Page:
Kendrick Perkins, the first to sign up for Rajon Rondo  Charity Classic at Harvard, put his perimeter skills on display. Perkins may have drawn the biggest roar of the night from the sold-out Lavietes Pavilion crowd. But an old hurt surfaced. He admitted that there’s still pain from last February’s trade to Oklahoma City.  Read more after the jump.

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Where former Celtics teammate Leon Powe focused on spot-up 3-pointers — the things Doc Rivers never would have let him do, Powe said — Perkins put the ball on the floor. He brought it up, played a little point guard and took Houston’s Kyle Lowry to the basket off a between-the-legs crossover dribble.

None of it felt strange, except for his introduction.

“Hurt, surprised, I think it really still hasn’t hit me yet — not really,” he said later. “I think everything happened so fast, last year coming back from my ACL injury and getting traded to Oklahoma City where I had to be a leader.

“It still hurts that I got traded, but then the city of Oklahoma has been great to me. They’ve embraced me with open arms, and I have no complaints about the city of Oklahoma and the whole organization.”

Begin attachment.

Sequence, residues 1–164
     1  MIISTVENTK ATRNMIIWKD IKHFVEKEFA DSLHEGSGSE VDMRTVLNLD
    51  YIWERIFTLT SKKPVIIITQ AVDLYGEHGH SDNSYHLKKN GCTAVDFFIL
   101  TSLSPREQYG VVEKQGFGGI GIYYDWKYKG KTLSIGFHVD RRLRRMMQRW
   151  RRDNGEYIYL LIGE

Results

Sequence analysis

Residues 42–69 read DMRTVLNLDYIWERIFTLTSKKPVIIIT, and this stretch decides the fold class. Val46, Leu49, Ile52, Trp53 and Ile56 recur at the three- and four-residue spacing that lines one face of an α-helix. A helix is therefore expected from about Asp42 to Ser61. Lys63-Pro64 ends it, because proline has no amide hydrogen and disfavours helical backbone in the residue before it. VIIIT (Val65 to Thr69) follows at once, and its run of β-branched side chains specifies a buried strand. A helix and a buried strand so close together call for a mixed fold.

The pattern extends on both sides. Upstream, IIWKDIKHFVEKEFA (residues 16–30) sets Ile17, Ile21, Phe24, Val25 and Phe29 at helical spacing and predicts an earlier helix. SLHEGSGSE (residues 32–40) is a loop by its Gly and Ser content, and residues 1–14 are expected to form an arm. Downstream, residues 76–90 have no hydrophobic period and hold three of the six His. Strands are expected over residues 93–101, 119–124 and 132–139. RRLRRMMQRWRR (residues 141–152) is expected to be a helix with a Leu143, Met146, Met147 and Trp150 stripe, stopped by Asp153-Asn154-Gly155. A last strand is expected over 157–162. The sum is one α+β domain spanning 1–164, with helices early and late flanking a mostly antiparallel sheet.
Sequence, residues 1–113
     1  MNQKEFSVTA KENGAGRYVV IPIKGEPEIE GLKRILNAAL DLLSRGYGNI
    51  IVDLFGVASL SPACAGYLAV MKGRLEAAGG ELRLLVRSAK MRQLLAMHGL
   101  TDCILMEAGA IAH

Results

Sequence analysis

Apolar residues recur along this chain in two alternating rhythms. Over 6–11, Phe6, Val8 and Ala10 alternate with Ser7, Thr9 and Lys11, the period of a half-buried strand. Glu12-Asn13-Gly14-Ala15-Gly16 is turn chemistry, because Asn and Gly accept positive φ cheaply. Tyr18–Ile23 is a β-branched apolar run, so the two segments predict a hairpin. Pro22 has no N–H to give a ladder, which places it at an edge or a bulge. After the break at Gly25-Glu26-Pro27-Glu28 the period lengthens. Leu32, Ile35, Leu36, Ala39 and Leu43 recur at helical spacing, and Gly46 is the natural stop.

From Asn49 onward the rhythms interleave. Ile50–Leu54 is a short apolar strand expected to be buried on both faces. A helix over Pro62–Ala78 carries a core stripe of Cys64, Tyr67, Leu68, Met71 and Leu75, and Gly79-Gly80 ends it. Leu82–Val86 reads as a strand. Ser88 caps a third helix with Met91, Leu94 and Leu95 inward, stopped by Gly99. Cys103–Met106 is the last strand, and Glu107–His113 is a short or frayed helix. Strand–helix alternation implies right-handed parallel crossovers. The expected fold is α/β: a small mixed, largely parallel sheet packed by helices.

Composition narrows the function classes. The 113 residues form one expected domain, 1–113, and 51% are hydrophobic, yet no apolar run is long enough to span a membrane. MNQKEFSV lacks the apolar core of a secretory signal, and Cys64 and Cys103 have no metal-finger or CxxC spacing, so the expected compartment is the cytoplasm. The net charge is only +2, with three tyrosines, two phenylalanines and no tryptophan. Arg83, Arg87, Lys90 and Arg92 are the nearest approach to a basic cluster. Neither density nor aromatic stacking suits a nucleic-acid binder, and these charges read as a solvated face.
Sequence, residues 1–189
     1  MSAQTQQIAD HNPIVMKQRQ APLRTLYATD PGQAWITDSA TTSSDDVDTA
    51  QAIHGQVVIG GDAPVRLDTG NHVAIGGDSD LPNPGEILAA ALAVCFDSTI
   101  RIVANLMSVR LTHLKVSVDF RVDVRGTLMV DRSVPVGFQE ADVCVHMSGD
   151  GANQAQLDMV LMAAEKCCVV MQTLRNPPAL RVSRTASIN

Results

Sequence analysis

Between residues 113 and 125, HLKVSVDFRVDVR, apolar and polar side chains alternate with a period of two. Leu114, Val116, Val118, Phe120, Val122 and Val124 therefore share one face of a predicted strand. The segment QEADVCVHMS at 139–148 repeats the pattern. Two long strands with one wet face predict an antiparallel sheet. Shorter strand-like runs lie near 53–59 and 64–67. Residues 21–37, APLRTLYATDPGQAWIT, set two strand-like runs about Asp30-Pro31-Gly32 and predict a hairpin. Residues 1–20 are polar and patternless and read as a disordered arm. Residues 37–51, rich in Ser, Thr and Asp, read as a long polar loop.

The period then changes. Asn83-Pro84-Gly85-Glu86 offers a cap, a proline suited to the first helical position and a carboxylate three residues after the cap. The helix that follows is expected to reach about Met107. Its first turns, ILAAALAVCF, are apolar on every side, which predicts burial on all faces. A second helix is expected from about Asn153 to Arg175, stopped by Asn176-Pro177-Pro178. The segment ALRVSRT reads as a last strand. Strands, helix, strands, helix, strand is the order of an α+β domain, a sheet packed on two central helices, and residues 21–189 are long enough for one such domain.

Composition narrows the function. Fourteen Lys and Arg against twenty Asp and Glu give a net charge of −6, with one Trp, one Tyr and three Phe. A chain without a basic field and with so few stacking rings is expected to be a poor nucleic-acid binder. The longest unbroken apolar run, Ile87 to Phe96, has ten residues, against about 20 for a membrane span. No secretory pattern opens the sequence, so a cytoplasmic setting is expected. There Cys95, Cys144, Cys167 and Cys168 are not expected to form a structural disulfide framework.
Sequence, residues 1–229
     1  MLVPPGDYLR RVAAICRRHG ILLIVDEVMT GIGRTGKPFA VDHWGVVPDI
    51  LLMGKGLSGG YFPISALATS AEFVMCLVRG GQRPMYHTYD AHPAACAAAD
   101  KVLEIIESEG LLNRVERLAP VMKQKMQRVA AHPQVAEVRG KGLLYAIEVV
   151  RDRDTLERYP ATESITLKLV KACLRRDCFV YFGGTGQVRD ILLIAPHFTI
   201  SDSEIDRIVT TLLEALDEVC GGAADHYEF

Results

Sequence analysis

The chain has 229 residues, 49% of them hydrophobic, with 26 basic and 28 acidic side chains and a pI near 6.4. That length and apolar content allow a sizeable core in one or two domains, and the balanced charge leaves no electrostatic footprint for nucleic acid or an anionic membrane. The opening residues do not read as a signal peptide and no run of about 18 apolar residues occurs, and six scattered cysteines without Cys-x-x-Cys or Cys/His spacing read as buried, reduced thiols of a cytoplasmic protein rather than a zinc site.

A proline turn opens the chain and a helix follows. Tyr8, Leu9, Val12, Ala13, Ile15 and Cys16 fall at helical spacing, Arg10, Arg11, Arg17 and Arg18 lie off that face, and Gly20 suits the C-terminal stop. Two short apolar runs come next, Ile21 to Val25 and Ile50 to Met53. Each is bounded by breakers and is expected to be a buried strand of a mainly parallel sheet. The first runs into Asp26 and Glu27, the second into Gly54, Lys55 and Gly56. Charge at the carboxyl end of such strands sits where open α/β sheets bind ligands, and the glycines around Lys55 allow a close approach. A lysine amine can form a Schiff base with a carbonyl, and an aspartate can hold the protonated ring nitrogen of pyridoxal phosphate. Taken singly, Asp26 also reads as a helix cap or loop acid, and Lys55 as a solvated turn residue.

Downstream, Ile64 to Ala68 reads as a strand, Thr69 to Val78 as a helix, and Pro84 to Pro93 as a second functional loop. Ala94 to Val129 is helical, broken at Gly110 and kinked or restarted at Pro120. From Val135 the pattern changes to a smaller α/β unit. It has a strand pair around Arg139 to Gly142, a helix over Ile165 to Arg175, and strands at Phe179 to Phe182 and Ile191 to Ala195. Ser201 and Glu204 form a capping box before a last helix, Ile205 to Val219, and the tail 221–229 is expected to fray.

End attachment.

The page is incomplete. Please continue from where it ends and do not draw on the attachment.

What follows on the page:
Perkins’ first visit to the Garden as a member of the Thunder would have occurred Jan. 16. Indeed, if the lockout ends, that still could be the moment when reality finally bites in a very sweet and sour way. Last night’s reception gave him a sample.

“It hit me,” he said of the ovation from a crowd of approximately 1,900 that paid $50 or $100 to see some NBA players. “I was nervous at first stepping back out there, but it’s not going to be my last time coming to Boston. I was just happy to be playing in front of the fans.

“I never knew I missed it as much as I did until I got in there,” Perkins said. “I missed the whole city of Boston, the whole of New England, and it just felt good playing basketball here. It’s always overwhelming. You try to catch yourself from dropping a tear, but like I always say, the city has been good to me since I came into the NBA at a young age at 18. I’ll never take it for granted, and I definitely appreciate all of the support when I come back to New England. I hated to leave. God does everything for a reason, but my heart is still in Boston and New England. It was just fun to be back.”

Boston Herald